This International Museum Day, we explore the best and most beautiful museums in Asia.
Museums mirror a community’s history and culture. A melting pot of history and identity, they act as a portal for individuals to go back in time and explore eras through ancient artefacts, paintings, tombs and scriptures, as well as offer a glimpse of what the future beholds through the use of innovative technology.
This brings us to Asia, which is home to some of the world’s oldest civilisations and has a vast wealth of cultural and archaeological history exhibited at many of its renowned museums. These world-famous spaces will not only educate and inspire the history buff in you but will also draw architecture enthusiasts to witness unique elements of the buildings that have stood the test of time.
Whether you want to learn about ancient Chinese artefacts or Vietnam’s war history, these magnificent museums are definitely worth the trip in both the non-virtual and virtual world in the modern era.
This rich trove of Singapore’s history and culture dates to 1887, making it the lion city’s oldest museum. It hosts numerous events throughout the year — from arts and cultural activities to film screenings. Story of the Forest, one of the art pieces, is an enthralling and engaging digital experience for all visitors.
The original building of the museum was designed by colonial engineer Sir Henry E. McCallum and showcases a neo-Palladian style of architecture. One of the most prominent features of the building is its rotunda, topped with a 27-metre-high dome embellished with fish scale tiles. Other unique attributes of its architecture are the symmetrical facade, Doric columns, Ionic pilasters and large windows with pediments.
The museum is famous for its digital exhibition titled ‘An old new World’. The permanent digital experience takes its viewers on a journey through themed curator’s tours, museum educator’s tours, or a self-exploratory tour that will tell them about the story that led to the founding of Singapore in 1819.
Visitors can also drop by the cafes and restaurants that offer delectable cuisines infused with the multiculturalism of the country and collect souvenirs at the retail spaces.
Located in Ho Chi Minh City, the War Remnants Museum offers a glimpse into the war history that has shaped Vietnam. While the majority of the exhibits are written from a Vietnamese perspective, much of the distressing photography of war crimes shows instances from the My Lai massacre, in which US soldiers mercilessly killed over 500 unarmed South Vietnamese people. Thus, giving it the name of the Exhibition House for U.S. and Puppet Crimes in 1975.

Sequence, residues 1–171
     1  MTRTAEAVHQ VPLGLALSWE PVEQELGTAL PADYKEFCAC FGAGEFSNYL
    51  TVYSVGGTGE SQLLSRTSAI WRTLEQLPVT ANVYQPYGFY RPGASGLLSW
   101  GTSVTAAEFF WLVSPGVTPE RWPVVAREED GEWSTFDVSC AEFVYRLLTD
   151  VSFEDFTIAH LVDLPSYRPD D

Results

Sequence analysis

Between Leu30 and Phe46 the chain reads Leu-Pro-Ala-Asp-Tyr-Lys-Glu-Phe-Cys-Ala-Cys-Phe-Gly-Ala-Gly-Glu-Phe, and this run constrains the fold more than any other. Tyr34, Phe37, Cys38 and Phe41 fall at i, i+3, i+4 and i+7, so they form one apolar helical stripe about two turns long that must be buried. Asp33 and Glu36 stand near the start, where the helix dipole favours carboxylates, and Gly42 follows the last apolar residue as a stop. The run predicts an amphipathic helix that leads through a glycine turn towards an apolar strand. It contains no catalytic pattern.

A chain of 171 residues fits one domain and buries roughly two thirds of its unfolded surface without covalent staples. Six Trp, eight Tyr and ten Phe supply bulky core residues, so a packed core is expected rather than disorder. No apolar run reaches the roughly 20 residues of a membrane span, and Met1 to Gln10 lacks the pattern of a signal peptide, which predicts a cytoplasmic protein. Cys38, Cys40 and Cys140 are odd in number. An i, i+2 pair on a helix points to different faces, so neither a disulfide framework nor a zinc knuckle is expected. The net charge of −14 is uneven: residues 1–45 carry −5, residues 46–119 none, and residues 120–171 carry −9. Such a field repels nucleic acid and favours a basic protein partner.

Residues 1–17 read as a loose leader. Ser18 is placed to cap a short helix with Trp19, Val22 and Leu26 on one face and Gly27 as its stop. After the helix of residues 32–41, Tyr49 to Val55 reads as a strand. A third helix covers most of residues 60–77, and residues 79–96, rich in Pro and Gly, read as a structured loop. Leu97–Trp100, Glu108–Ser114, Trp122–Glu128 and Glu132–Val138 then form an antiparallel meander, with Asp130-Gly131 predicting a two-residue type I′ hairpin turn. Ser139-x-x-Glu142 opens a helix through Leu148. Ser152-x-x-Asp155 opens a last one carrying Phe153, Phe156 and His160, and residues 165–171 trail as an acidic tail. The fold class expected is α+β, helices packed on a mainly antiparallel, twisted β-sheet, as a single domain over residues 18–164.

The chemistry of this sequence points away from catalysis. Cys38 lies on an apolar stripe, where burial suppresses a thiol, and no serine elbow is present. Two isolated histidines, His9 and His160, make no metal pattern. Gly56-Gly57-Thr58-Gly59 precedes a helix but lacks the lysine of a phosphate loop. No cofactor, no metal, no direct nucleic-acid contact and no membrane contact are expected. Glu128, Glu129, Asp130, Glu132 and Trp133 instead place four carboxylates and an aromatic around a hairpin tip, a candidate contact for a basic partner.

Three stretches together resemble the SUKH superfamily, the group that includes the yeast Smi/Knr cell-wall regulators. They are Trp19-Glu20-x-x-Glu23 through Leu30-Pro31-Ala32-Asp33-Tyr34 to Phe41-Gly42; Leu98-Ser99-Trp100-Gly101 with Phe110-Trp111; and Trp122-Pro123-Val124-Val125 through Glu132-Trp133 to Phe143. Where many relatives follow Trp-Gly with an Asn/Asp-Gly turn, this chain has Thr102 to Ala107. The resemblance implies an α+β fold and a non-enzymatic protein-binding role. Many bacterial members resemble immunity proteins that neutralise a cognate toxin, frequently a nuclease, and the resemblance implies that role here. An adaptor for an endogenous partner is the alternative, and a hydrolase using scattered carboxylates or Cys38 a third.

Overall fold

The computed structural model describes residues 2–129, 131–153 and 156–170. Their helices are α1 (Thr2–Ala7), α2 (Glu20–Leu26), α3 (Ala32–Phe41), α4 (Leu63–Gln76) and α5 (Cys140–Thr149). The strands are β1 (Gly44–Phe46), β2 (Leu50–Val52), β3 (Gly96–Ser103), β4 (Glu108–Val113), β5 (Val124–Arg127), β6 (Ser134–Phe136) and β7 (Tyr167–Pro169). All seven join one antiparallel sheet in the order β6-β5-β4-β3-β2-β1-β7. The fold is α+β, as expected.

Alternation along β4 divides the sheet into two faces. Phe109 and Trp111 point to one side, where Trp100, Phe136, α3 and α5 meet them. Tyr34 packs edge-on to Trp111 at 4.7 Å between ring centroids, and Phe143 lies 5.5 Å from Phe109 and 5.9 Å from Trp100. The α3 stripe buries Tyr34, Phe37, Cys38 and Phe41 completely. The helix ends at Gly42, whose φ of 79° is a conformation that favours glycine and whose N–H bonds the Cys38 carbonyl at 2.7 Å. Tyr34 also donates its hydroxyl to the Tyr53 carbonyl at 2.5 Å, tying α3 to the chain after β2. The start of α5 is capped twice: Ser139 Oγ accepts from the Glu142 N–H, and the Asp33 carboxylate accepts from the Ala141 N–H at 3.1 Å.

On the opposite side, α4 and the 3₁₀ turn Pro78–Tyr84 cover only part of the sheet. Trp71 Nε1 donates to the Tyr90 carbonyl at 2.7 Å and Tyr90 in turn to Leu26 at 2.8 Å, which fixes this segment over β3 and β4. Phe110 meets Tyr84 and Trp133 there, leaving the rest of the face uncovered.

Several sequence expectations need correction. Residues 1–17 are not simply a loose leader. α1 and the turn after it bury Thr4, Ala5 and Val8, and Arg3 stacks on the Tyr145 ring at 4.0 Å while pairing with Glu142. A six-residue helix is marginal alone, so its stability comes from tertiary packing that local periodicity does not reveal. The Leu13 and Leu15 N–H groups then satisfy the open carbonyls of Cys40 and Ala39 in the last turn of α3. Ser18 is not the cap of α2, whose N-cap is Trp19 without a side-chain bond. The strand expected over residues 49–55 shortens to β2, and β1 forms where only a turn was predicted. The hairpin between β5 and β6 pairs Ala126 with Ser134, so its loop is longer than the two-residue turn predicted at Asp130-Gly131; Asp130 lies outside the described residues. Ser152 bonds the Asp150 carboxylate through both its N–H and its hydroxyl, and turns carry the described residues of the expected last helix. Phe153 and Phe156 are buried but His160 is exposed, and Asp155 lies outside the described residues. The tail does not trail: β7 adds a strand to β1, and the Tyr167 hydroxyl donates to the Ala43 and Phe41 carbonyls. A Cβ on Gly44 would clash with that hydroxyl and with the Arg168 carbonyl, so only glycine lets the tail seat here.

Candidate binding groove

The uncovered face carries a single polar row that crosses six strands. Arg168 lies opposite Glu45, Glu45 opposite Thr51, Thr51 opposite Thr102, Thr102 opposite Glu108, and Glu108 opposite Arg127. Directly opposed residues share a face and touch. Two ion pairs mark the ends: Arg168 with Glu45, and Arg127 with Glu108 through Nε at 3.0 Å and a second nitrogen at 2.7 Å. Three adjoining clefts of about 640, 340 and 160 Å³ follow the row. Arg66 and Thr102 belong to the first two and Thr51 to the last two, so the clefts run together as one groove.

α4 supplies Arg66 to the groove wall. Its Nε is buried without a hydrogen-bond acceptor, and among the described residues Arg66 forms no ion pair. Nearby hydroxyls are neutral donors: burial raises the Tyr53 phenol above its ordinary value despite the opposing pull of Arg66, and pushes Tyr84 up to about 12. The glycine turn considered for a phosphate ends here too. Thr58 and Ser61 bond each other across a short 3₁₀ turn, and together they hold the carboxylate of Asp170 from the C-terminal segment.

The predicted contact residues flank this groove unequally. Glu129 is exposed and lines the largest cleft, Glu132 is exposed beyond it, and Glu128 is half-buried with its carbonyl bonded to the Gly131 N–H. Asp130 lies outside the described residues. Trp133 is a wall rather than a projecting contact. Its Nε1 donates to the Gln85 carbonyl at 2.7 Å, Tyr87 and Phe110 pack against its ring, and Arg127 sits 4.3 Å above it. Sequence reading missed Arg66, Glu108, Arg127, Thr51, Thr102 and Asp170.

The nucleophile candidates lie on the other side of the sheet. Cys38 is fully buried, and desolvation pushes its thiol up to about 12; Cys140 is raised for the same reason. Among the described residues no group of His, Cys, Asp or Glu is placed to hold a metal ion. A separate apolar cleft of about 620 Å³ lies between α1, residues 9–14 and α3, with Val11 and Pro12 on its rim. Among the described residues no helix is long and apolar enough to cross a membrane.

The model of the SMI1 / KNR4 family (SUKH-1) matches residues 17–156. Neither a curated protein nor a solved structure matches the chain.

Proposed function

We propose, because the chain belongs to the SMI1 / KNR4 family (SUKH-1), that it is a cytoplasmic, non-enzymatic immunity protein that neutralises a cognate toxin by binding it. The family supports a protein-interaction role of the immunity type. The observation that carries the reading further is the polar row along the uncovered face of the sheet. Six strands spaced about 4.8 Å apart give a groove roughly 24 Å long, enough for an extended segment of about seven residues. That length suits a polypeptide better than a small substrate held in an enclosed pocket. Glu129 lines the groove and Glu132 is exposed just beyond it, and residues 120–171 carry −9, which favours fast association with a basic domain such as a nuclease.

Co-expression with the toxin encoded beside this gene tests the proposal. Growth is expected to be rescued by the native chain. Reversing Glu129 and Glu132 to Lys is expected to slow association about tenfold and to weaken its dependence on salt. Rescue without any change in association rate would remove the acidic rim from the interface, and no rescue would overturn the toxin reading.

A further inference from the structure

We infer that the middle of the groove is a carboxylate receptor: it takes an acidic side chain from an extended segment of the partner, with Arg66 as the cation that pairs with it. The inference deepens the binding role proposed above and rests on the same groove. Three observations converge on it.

Outside the building, visitors can find US armoured vehicles, artillery, explosives and infantry weaponry on exhibit. One section of the grounds is dedicated to the infamous French and South Vietnamese prisons on the islands of Phu Quoc and Con Son.
The museum houses a collection of anti-war posters and pictures from across the world. It also provides a once-in-a-lifetime opportunity to witness some of the war’s experimental weaponry, once classified as military secrets.
Additionally, the museum showcases the infamous ‘Tiger Cages’ used by the French and South Vietnamese military to keep prisoners of war.
Opened in 1925, this museum in Taipei is famous for housing ancient Chinese objects and various pieces of art. With over 700,000 artefacts, the collection contains priceless treasures from the imperial collections of the Qing, Yuan, Ming and Song and dates back thousands of years. For centuries, most of these objects were hidden behind the heavily guarded gates of Beijing’s Forbidden City, accessible only to the imperial family and select guests.
One of the most beautiful museums in Asia, it is a large, finely designed structure with hipped roofs in turquoise and yellow tiles reminiscent of classical Chinese architecture. Over the past few years, the museum has been offering an advanced digital experience in an attempt to showcase Chinese cultural heritage to different parts of the world.
Visitors will also find information about the numerous dynasties, and the collections represent over 5,000 years of history. The museum also houses exquisite Chinese ceramics, with pieces dating from the Neolithic period and the five dynasties. To get a better understanding of the exhibits, visitors choose an English-language-guided tour at 10 a.m. or 3 p.m. or pick up an audio guide at the gate.
Founded in 1914, it was formerly known as Musee HongHo PaiHo. It’s one of the very few natural history museums in Asia with a diverse collection of specimens, including animal, plant and hominid fossils, as well as minerals.
In 2008, it was recognised as a national natural history museum. There are 380,000 biological specimens, including 1,282 rare and 1,452 type ones.
The museum’s theme is “Homeland,” and it depicts a homeland that stretches from ancient history to the present day, and it is divided into four sections: Footprints, Exploration, Life, and Ecology.
National Museum of Korea in Seoul is symbolic of the country’s history. It helps preserve, investigate, showcase and globally promote South Korea’s cultural heritage, spanning from the Gojoseon period of the ancient Korean kingdom to the Joseon dynasty, the last and most recent dynasty of Korea. One of the most beautiful museums in Asia, it operates this way to ensure that every visitor gets the chance to appreciate Korean history and artwork.